The Room 2 Review

7

The need to escape from a room is one of the simplest and oldest traditions in gaming. Over the decades there have been hundreds of variations on this simple idea and it’s not a premise that appears to be showing any sign of falling out of favor – either among developers or the more casual end of the gaming audience.

So it’s perhaps understandable that iOS is hardly short of locked-room games. Possibly one of the most popular genres on mobile platforms (after the seemingly never-ending glut of endless runners or clones of Farmville), with so much competition it can be difficult for a developer to stand out and gain recognition – but one studio managed just that back in 2012, and with their latest title they’re back for more.

Welcome to The Room 2, Fireproof Games’ follow-up to their award-winning original. While the sequel seeks to expand on what has gone before, it does so in fairly conservative ways. In the first game you were restricted to one area, so in The Room 2 you’ll occupy several distinct areas. Where the original title kept you focused on one central object, here you’ll need to flit between a couple. It’s clear from the outset that Fireproof has its eye very much on the casual audience – not seeking to overwhelm those who aren’t familiar with sweaty thumbsticks and more complex titles but also making sure that their follow-up expands just enough on concepts originally introduced in the first game that more traditional players feel that progress has been made.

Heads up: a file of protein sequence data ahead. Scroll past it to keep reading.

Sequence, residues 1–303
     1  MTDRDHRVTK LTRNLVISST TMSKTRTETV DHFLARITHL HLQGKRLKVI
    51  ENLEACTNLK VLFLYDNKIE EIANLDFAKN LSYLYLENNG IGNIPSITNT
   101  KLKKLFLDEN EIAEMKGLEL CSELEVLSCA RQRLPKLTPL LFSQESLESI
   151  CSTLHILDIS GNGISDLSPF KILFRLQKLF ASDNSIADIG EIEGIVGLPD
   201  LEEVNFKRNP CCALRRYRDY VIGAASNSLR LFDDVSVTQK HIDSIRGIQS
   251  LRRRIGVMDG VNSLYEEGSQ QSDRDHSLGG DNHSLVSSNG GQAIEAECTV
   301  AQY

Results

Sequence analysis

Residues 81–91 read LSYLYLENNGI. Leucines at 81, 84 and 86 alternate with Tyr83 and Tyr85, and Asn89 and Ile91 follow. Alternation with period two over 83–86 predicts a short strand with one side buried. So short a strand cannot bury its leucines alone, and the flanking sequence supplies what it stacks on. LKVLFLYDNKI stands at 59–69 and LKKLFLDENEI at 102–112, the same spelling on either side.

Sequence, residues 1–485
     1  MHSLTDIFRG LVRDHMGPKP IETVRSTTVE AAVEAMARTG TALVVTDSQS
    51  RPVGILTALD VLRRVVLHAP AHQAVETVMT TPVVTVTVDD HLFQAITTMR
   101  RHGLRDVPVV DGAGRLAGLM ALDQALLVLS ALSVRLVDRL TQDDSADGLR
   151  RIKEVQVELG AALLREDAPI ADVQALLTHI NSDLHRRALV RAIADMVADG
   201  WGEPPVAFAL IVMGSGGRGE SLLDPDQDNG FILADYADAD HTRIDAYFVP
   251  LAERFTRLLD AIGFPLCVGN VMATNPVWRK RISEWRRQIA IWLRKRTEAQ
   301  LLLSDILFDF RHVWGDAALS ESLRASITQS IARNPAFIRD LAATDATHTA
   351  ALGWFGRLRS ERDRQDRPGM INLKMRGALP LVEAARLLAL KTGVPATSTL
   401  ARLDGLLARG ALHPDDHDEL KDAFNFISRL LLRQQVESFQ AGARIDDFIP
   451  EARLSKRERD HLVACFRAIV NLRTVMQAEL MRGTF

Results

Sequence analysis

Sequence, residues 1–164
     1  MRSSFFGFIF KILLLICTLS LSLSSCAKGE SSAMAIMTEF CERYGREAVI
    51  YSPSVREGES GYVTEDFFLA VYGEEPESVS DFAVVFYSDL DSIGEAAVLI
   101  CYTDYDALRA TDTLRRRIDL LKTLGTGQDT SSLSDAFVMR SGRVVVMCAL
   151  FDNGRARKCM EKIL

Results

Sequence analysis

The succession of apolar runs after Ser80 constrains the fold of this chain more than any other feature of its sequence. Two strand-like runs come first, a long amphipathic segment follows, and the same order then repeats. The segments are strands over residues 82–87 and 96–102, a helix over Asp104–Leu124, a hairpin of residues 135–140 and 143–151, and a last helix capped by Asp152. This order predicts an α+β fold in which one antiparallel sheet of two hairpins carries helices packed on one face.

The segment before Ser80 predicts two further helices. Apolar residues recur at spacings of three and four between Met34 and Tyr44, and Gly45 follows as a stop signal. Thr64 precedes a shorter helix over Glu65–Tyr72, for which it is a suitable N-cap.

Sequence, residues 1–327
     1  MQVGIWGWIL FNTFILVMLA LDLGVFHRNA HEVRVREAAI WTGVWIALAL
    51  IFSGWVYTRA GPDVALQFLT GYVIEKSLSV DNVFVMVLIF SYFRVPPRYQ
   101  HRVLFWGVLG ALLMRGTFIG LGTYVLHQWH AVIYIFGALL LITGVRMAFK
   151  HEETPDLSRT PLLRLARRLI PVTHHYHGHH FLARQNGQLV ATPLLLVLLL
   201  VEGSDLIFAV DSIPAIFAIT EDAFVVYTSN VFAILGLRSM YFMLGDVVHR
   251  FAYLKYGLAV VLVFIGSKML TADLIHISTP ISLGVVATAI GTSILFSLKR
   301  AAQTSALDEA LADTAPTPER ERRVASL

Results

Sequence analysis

The developer has been careful to preserve the thick atmosphere that led to The Room becoming one of the most prized releases on iOS, however. Some subtle audio work does a good job of replicating the creaking of a ship at sea, for example, or the faint whisper of wind in an ancient tomb. What little music exists presents itself sparingly: the tickle of a motif upon solving one of the game’s trickier puzzles will leave you feeling rewarded without breaching the carefully-cultivated sense of isolation that the developer goes to great lengths to convey. The various rooms you find yourself in are crafted from rich mahoganies, sepia-tinted photos and dim, dust-flecked spotlights. The Room 2 is demonstrative of a developer that knows exactly what it wants to deliver and how to deliver it; a lesser developer might have thrown in scenes in the distant future, or the long-forgotten past. But not here.

A wonderful sense of Victoriana permeates throughout. This camera finds itself part of an impromptu seance.

A wonderful sense of Victoriana permeates throughout. This camera finds itself part of an impromptu seance.

Graphically, it’s just as good-looking as its older brother. Of course, the isolated nature of the game means that Fireproof is able to pool more system resources into lighting and texture quality, but improvements in these areas are minor; it’s a slight shame that the developer hasn’t taken advantage of the extra power afforded it by the latest version of Apple’s tablet to truly push the visual boat out. It’s attractive, but it’s not a showcase. Given how little occurs on screen, we’re sure that more could have been done to make it shine on more recent iOS devices while ensuring it scaled well to older models.